Emerging Display Technologies

Super high resolution display produced with 3D printing technique

12 August 2020

Researchers from the Korea Electrotechnology Research Institute (KERI) used 3D printing techniques to create a nano display with high-quality resolution.

The research team developed a technology to produce a 'nano display' with a phenomenal resolution based on the 3D printing technique and posted the result of the study on a SCI journal, garnering much global attention. Source: Korea Electrotechnology Research Institute (KERI)The research team developed a technology to produce a 'nano display' with a phenomenal resolution based on the 3D printing technique and posted the result of the study on a SCI journal, garnering much global attention. Source: Korea Electrotechnology Research Institute (KERI)

The team method is called nanophotonic 3D printing technology. This method produces super-high-resolution displays with high-density integration of nanoscale pixels.

To create the new 3D pixels, the team based their method on the 3D production of quantum dots. When stimulated by light or electricity, the quantum dots emit light in multiple colors. Quantum dots are widely used for display in electronic devices. To manufacture displays with quantum dots, pixels are produced by coating them lightly in a film.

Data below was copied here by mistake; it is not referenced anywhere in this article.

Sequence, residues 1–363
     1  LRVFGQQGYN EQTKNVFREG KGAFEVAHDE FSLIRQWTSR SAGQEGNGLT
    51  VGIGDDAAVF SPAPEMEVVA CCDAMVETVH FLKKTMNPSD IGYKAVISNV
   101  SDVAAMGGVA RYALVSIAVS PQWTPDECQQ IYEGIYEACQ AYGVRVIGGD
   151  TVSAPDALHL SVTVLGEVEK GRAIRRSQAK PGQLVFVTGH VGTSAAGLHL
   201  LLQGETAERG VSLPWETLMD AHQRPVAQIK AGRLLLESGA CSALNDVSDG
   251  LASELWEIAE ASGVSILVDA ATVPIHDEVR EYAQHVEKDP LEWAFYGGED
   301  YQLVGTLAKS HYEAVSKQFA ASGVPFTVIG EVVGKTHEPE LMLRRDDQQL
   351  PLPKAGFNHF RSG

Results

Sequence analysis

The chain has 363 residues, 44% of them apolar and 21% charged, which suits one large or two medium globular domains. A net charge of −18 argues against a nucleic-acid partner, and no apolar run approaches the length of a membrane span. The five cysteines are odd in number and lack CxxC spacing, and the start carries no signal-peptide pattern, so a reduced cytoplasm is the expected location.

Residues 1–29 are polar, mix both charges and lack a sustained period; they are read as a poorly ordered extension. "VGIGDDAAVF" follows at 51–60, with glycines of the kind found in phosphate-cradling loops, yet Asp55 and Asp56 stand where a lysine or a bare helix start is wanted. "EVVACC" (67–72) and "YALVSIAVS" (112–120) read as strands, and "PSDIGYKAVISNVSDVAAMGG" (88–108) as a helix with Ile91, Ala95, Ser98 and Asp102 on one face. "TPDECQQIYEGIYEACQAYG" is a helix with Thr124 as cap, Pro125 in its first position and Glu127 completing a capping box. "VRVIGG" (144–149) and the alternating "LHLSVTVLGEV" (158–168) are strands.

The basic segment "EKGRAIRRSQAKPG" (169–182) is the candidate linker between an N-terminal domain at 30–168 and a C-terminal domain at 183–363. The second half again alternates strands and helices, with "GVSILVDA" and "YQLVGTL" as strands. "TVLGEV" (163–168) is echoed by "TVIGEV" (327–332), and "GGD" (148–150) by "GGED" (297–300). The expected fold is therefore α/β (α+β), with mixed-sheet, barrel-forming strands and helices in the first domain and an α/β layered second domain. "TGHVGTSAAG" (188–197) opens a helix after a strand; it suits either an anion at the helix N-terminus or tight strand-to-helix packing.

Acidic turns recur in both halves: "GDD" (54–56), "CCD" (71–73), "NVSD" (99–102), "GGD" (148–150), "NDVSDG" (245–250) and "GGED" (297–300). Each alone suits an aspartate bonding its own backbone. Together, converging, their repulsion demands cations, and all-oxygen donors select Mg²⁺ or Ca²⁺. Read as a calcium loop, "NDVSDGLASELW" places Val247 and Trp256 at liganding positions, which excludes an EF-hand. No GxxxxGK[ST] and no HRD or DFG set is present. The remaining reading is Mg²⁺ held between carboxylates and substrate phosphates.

As pixel size decreases and more pixels are densely integrated into a device, a more precise and delicate image is produced. But as pixel size shrinks, the light intensity is limited.

While working on the project, the team believed that the production of pixels with a 3D structure would secure the intensity of light needed to produce a high-resolution image. Researchers demonstrated successful pixel production of pixels with their 3D printing tech. The lateral dimension of the pixels 620 nm and 10,000 nm in height.

The team applied the 3D structure to overcome the light intensity problem. With the 3D layout, the team saw a two-fold increase in brightness with full colors compared to a conventional thin-film based structure.

Pixels per inch (PPI) is an indicator used to measure the pixel density. The team demonstrated three primary colors in 5,600 PPI exceed the PPI of an 8K QLED TV, laptop and smartphone. It even surpassed commercial technology.

The new technology could be used in devices that require high resolution, like VR/AR or beam projectors.

A paper on this research was published in ACS Nano.



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